Students become demotivated when they don’t understand the value of each lesson. They don’t see how your information contributes to their goals. They might even forget why they’re taking your course.

To keep your participants motivated, break the overall objective of your course down into mini-targets for each lesson.

You can fill in the blanks of this magical sentence for each target:

Learn [how this works], so you can [achieve so-and-so].

Each module, each lesson, and each assignment in your course should have a purpose. When participants understand the value of the information and how they’ll benefit from it, they’re more likely to engage with your course and implement your advice.

And what’s more, your valuable lesson plan makes crafting a sales page a breeze, too.

You already know who’s going to buy your course and why (for the transformation). You’ve already listed features (what people learn) and benefits (why they care about learning the information you teach). So, your lesson plan is the ideal selling tool for your course.

But how do you define the purpose of each lesson? And how do you make sure all of the lessons help students achieve their overall goal — their transformation?

Step #3: Create simple, digestible lessons

Ever felt overwhelmed when taking a course?

Or perhaps you’ve studied a course diligently, but were left wondering: “Now, what?”

Ensuring your course meets or exceeds your buyer’s expectations is a tough job. You can’t leave any gaps, but you also can’t overwhelm students by inundating them with too much information.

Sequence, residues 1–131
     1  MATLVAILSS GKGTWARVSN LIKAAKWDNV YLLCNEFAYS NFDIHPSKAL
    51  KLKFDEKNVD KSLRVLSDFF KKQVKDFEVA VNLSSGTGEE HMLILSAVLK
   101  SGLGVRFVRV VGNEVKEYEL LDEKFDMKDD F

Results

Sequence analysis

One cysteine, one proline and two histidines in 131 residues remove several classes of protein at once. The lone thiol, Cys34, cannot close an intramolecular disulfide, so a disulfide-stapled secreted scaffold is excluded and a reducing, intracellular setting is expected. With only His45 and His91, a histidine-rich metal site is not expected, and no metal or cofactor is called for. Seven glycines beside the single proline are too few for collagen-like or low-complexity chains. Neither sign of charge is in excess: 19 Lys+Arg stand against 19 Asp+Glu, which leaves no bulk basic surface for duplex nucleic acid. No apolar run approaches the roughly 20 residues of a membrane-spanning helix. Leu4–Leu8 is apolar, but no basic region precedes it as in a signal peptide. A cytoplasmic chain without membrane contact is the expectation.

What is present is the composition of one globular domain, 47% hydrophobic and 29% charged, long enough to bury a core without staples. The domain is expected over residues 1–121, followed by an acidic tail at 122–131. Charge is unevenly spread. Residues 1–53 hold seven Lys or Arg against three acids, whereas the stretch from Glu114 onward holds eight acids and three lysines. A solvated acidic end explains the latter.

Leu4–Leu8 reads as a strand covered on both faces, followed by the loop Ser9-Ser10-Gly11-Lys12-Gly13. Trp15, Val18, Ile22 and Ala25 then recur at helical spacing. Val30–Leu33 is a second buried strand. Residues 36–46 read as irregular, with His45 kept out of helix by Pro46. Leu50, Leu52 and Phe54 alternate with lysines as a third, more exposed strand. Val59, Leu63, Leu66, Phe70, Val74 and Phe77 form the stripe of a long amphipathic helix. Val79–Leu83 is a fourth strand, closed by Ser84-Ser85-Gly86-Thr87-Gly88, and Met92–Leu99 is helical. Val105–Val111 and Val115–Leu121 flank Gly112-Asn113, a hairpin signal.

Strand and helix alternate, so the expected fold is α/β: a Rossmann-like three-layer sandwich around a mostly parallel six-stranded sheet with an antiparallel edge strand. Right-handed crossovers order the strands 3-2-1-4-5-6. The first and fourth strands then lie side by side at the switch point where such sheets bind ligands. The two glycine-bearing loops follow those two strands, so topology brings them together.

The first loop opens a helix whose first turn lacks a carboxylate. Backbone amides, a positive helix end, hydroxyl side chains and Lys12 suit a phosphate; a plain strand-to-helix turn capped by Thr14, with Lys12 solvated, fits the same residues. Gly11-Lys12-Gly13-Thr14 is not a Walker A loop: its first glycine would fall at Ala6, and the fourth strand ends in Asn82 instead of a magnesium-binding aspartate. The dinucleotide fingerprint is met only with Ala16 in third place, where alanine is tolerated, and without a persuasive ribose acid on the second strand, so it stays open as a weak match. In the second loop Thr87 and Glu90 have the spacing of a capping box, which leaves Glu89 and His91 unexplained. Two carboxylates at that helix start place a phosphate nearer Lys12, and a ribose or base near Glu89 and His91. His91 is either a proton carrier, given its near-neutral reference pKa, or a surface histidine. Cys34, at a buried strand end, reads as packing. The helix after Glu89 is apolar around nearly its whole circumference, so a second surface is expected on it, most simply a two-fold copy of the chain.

To avoid any gaps in your lesson plan, start with listing the steps you take to complete a specific task.

Let’s look at an easy example first.

Imagine creating a mini-course for cycling enthusiasts about packing a bicycle for transportation on a plane. You can create this course by making notes of the steps you take when packing your bike.

In this case, it’s even easier to record a video of yourself and provide a running commentary. But when you’re teaching an abstract topic, like leadership or digital marketing skills, it’s more difficult.

For abstract topics, reverse-engineer your processes

As an expert, you often accomplish tasks effortlessly. You don’t think about how you create a presentation; you simply put the slides together. You don’t think about how to write an email or give a client a quote. You simply perform the tasks.

To break down your processes, start by asking yourself, “How did I arrive at this result?”

Imagine creating online training materials for senior managers. One skill you want to teach is conducting performance reviews that motivate staff members and make them more productive.

You can picture yourself going through the process:

  • How do you prepare?
  • How do you ask your team members to prepare?
  • How do you conduct the performance review?
  • What type of notes do you take?

You can mentally rehearse your latest performance reviews and break down the complicated parts. You can play back how you dealt with an underperforming team member. You can think about the questions you asked to help you understand what your team member was struggling with.